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Toronto Raptors forward Kawhi Leonard smiles during a team practice for the NBA Finals in Toronto on Saturday, June 1, 2019. THE CANADIAN PRESS/Nathan DenetteNathan Denette/The Canadian Press

Kawhi Leonard likely spent a good chunk of the time since the Toronto Raptors’ Game 1 victory over Golden State poring over game film with Kyle Lowry.

The Raptors won their opening game of the NBA finals 118-109 on Thursday despite an off night from Leonard, who faced a kitchen sink of Warriors defenders.

If there’s any player who’s particularly astute about Leonard’s game, it’s Lowry.

“Probably out of everybody who I talk to about film, the most is Kyle,” Leonard said on the eve of Sunday’s Game 2. “Me and him will watch film or talk to each other, see what we are seeing on the floor, either for ourselves or positions to make our teammates better.”

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The 27-year-old Leonard has been having one of the best post-season runs in NBA history, but shot just 5-for-14 for 23 points against the Warriors, who covered him like Saran Wrap with double teams and hard traps.

It seems the two-time reigning NBA champions had been keeping a defensive coverage up their collective sleeve.

“They were in a coverage the other night I had never seen before, which was a switch to a late blitz,” Raptors coach Nick Nurse said. “It was pretty interesting. I had never seen it before and it was innovative. [The Warriors] do a lot of innovative stuff.”

The Warriors forced a Leonard turnover midway through the fourth quarter with this coverage, blitzing the Raptors star after switching on a pick-and-roll. Andre Iguodala scooped up the loose ball and finished with a fast-break dunk.

But the seven-game format of the post-season turns basketball into a chess match. It’s all about the next move.

“They probably got other things we haven’t seen that we’re going to have to adjust to on the fly,” Nurse said.

Leonard, who was the MVP of the 2014 Finals, is having the best post-season of his career. So Nurse isn’t expecting another off-night from his superstar on Sunday.

“I’m expecting him to play a lot better tomorrow,” Nurse said Saturday.

Leonard insisted he doesn’t care whether he’s scoring or not. His only concern is winning.

“If I have my mindset on just trying to score the ball, yeah, it could be difficult. But I’m trying to make the right play out there, and obviously if there are two people on me, somebody is open,” he said. “It’s really not about me. If they play defence like that, guys are going to step up and make shots. All I could do is keep making the right play.”

The Raptors have been asked repeatedly this post-season about Leonard’s unflappable demeanour. His never-too-high, never-too-low approach has trickled down to his teammates, and it was obvious in Thursday’s Finals opener. The biggest moment in franchise history wasn’t too big for this team.

“I would be lying to you if I said it didn’t (rub off on us),” Lowry said. “And also Marc [Gasol] and Danny [Green] and Nick. I think Nick honestly yelled at us twice the whole year. That’s legit: twice the whole year. And that’s a long season to only yell at a team twice. I think that’s just Nick and Kawhi and Marc and Danny — everyone is just kind of going out there and staying even-keeled.”

Leonard’s matter-of-fact disposition had reporters laughing at Saturday’s availability at Scotiabank Arena.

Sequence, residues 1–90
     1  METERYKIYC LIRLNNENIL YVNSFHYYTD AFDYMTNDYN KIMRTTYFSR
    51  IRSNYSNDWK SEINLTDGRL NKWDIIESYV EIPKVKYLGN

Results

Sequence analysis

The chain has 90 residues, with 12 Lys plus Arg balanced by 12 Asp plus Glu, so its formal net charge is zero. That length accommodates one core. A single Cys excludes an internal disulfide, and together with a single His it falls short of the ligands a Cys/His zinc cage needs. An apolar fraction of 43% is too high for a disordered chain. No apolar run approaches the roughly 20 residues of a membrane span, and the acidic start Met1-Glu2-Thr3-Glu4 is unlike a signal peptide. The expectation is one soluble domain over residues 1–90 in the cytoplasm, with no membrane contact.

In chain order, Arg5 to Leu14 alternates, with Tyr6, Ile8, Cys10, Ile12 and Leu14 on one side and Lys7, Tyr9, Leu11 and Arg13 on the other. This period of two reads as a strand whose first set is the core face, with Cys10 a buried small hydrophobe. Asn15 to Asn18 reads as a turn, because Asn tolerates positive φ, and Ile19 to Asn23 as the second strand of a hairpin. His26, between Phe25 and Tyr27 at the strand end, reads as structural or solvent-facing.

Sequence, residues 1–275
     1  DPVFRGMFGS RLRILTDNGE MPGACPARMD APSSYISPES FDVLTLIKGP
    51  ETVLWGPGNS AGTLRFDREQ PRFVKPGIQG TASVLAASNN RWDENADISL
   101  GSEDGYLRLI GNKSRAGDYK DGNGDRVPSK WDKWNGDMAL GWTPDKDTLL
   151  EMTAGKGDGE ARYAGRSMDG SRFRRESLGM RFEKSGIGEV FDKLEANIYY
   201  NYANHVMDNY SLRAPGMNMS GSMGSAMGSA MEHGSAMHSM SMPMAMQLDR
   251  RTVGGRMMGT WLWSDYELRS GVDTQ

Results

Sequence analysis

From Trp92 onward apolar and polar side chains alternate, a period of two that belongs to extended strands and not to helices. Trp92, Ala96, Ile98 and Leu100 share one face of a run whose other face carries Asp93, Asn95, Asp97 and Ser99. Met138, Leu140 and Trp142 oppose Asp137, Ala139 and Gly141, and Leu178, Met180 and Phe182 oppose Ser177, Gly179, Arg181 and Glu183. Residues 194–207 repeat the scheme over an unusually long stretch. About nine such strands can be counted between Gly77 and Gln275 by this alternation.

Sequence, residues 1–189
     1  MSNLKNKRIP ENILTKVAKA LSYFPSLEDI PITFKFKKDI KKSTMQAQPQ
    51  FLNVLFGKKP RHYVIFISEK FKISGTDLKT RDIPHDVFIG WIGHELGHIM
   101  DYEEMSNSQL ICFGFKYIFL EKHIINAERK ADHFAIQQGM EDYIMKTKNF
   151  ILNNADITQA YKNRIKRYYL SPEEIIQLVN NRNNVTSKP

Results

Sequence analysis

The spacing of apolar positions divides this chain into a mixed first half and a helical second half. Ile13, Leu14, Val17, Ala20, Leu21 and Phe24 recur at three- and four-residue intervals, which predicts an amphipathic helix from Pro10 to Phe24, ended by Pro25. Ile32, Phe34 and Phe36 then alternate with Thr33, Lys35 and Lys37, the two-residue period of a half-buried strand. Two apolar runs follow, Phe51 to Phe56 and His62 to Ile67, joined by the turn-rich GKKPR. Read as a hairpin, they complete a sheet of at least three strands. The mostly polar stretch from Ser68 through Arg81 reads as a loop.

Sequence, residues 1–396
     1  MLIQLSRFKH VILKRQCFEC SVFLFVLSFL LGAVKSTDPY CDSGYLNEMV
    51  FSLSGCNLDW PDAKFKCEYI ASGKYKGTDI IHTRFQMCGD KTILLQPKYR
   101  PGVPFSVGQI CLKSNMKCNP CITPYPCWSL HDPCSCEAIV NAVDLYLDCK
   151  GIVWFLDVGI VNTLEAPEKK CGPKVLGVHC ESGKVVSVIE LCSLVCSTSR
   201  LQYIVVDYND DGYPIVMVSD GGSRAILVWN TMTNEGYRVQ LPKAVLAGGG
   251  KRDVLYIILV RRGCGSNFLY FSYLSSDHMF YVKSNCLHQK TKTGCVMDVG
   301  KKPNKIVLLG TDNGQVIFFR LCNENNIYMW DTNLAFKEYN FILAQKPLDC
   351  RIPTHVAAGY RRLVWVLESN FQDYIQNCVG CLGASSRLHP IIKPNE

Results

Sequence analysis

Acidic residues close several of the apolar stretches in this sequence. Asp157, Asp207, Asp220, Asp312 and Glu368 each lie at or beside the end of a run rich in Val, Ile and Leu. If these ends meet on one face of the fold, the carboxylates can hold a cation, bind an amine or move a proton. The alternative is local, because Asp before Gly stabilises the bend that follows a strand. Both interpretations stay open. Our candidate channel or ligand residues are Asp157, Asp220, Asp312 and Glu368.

Asked how he responds to trash talk from opponents, he said: “It really doesn’t happen too much. I really can’t say it happens.”

Asked how his icy demeanour affects opponents, he deadpanned: “I’m not sure. I don’t think about what they’re thinking.”

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Plenty of the talk Saturday was also around the strong play of Gasol, who had 20 points, seven rebounds, two steals and a block. He knocked down a pair of wide-open three-points shots after hesitating on each for a couple of seconds.

Warriors coach Steve Kerr vowed that won’t happen again.

“That was not the strategy the other night, to let him stand there for six seconds,” Kerr said. “So we would like to be a little sharper with that.”

Gasol, who was acquired at February trade deadline for Toronto’s post-season push, has proved to be a great fit for the Raptors, both on the defensive end and as a scorer and facilitator on offence.

His one blip was a bad game in the conference final versus Milwaukee. But the 34-year-old from Barcelona bounced back with a vengeance.

“I think he got into maybe one of the lowest points of his career in these playoffs,” Nurse said. “He had a 1-for-9 game, people were basically writing him off. We had to get him out of the lineup and not start him. He just didn’t waver at all. It was like ‘Tomorrow, it’s going to be great,’ was his answer.

“I told him several times: ‘You’re a great player because you’ve lifted the level of who our team thinks they can be and you lift the level of other players’ play.’ That to me is what great players do.”

Lowry said he’s developed a great relationship with Gasol on and off the court.

“Marc is pretty easy to get along with. He’s like one of those guys that’s just a true professional. He goes about his business. He does his thing and gets in, gets out. He blends in well. He’s just an easygoing guy, so it’s a lot easier,” Lowry said. “It’s really easy to have a conversation with him and talk to him.

“He just gets on the plane and watches his film and talks about boating and does his thing,” Lowry added with a chuckle.

The series shifts to Oakland, Calif., for Games 3 and 4. A Game 5, if necessary, would be back in Toronto.

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